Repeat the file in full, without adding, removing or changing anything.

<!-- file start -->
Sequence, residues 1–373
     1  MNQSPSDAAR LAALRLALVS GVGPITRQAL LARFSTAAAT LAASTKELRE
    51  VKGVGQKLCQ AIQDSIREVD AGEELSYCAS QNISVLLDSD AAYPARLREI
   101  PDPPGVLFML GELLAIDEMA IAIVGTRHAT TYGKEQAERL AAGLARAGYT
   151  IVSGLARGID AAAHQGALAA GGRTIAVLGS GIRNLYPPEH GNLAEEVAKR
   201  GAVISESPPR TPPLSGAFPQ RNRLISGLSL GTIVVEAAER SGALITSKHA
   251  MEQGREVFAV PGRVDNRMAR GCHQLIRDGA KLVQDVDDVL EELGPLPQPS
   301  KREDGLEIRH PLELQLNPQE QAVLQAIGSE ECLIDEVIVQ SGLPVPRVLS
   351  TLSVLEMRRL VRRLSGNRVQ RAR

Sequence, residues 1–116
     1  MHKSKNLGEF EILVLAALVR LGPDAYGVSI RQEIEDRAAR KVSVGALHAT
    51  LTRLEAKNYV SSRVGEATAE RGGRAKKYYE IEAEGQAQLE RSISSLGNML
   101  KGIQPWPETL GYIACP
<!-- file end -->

Sequence, residues 1–373
     1  MNQSPSDAAR LAALRLALVS GVGPITRQAL LARFSTAAAT LAASTKELRE
    51  VKGVGQKLCQ AIQDSIREVD AGEELSYCAS QNISVLLDSD AAYPARLREI
   101  PDPPGVLFML GELLAIDEMA IAIVGTRHAT TYGKEQAERL AAGLARAGYT
   151  IVSGLARGID AAAHQGALAA GGRTIAVLGS GIRNLYPPEH GNLAEEVAKR
   201  GAVISESPPR TPPLSGAFPQ RNRLISGLSL GTIVVEAAER SGALITSKHA
   251  MEQGREVFAV PGRVDNRMAR GCHQLIRDGA KLVQDVDDVL EELGPLPQPS
   301  KREDGLEIRH PLELQLNPQE QAVLQAIGSE ECLIDEVIVQ SGLPVPRVLS
   351  TLSVLEMRRL VRRLSGNRVQ RAR

Sequence, residues 1–116
     1  MHKSKNLGEF EILVLAALVR LGPDAYGVSI RQEIEDRAAR KVSVGALHAT
    51  LTRLEAKNYV SSRVGEATAE RGGRAKKYYE IEAEGQAQLE RSISSLGNML
   101  KGIQPWPETL GYIACP